Advertising
Advertising

15 Things Genuine People Don’t Do

15 Things Genuine People Don’t Do

No one likes to be around a fake. We like our friends to be who they are without acting and presenting a false persona, yet it is difficult to find original people in an age where social media rules. Everyone seems to be creating their best snapshots and best descriptions on Facebook and online dating websites. How can we tell if you are genuine? Here are 15 things genuine people don’t do.

1. They don’t boast about their achievements

They are quite aware of their abilities and strengths, and are not boastful about them. They focus on being humble and sincere rather than impressing with their accolades.

2. They don’t need a lot of possessions to be happy

Genuine people don’t need to be validated based on what they own; they are comfortable with who they are. They know that they don’t need a lot of external things to be happy. Since happiness can be found from within, their work, and loved ones, they find happiness in the simple things life has to offer them.

Advertising

3. They don’t display inconsistency

Since they are very much in touch with who they are, they are predictable. You always know what they will stand for or what their response will be if their character is being tested.

4. They don’t hold back from offering praise

They’ll never avoid giving compliments to those who deserve it. They don’t need to fake their praise, but will offer it from their hearts to those deserving of such recognition.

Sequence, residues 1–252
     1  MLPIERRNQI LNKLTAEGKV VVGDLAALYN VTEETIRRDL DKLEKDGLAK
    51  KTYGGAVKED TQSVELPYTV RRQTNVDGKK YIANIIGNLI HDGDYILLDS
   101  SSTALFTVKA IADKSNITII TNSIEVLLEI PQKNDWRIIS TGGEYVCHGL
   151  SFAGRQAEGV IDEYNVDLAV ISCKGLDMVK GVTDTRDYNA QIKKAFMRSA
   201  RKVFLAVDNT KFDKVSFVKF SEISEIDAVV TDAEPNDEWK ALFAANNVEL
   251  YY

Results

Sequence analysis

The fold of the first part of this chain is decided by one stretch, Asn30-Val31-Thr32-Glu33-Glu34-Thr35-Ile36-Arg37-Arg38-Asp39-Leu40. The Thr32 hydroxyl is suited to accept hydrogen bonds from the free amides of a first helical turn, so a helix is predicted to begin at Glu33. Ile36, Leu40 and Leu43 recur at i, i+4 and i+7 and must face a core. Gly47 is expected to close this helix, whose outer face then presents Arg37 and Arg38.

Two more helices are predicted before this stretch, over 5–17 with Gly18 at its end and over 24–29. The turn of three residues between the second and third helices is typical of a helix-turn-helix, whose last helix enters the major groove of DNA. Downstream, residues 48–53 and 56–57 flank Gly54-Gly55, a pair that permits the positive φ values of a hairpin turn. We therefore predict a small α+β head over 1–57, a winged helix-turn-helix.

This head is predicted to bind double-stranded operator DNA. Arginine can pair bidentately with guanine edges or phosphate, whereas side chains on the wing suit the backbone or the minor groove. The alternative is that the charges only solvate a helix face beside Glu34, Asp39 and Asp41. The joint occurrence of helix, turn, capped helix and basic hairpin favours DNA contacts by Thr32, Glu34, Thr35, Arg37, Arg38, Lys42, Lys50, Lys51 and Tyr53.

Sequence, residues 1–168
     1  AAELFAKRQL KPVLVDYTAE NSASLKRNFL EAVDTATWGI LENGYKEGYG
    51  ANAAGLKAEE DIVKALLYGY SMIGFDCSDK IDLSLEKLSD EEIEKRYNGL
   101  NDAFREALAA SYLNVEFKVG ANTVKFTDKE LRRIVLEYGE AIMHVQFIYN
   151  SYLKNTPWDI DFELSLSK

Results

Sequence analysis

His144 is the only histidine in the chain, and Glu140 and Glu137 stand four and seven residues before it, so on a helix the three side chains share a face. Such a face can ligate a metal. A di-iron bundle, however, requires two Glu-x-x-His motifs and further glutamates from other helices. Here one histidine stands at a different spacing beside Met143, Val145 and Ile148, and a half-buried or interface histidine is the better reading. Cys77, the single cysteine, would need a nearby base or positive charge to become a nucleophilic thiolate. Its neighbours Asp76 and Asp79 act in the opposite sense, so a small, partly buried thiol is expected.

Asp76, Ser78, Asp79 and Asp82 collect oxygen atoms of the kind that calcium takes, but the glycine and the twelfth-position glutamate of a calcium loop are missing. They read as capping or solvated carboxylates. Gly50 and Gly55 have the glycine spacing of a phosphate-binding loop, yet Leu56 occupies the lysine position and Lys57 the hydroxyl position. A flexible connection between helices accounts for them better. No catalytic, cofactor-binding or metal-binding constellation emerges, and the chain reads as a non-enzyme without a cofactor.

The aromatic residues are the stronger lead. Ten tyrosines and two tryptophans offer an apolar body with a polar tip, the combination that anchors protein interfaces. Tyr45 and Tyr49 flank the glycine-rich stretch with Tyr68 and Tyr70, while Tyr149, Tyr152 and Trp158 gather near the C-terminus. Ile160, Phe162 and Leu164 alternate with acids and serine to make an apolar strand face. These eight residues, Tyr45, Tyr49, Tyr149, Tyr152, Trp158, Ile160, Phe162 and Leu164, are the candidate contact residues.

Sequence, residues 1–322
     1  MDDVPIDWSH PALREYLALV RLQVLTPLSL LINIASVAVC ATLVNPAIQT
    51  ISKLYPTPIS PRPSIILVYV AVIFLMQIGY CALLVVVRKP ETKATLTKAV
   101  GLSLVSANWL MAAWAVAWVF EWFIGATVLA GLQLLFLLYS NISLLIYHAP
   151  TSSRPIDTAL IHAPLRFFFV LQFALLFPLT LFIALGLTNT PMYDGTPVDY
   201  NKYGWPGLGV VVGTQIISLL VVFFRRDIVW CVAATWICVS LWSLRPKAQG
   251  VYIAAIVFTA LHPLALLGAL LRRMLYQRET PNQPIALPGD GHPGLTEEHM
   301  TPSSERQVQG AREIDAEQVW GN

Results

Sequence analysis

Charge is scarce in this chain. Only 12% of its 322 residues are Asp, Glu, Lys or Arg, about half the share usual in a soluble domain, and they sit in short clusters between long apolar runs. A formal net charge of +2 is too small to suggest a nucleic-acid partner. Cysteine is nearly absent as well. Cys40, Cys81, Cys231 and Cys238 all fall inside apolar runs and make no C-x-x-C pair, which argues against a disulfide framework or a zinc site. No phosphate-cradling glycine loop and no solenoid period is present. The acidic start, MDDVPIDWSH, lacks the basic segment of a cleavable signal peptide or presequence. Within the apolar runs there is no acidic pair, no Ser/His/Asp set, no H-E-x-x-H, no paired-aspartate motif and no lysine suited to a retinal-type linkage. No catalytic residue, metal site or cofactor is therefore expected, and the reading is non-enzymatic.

5. They don’t practice something they don’t preach

Any given advice is on a subject is something they would do if they were in the same situation. They don’t need to feel better than anyone else. If they can’t do something, they don’t suggest it.

Advertising

6. They don’t rely on talk over actions

They understand that talk is cheap, so they are willing to let their actions do the talking. Evidence of doing trumps empty boasting.

7. They don’t pretend to understand what they do not know

Genuine people understand that they have so much to learn. If they don’t know something, instead of lying and claiming understanding, they prefer to learn it by listening and absorbing.

8. They don’t belittle others

They lead by example and have no superiority complex. Instead of belittling others they would rather try to make them better.

Advertising

9. They don’t follow the pack

Rather than conforming, they carve their own paths. It is better to be original and follow their true passion rather than be a victim of the conventional approach or thoughts.

10. They don’t fake who they are

If they have made a mistake they would openly admit to it. They are not fake but transparent about their standards, principles and who they are. Rather than make you ask if they are hiding something, they are up front with you about their standards.

11. They don’t take themselves too seriously

They know that they are human and don’t need to build defensive walls of perfection around themselves to hide or minimize their weaknesses. They are able to admit to their failures and accept constructive criticism without allowing letting it damage their self-esteem.

Advertising

12. They don’t seek attention

Rather than use their successes or accomplishments as a channel to seek attention, they are already filled with self-awareness and self confidence. They don’t have a hole to be filled from constant validation of their ego.

13. They don’t suppress their opinions, beliefs and thoughts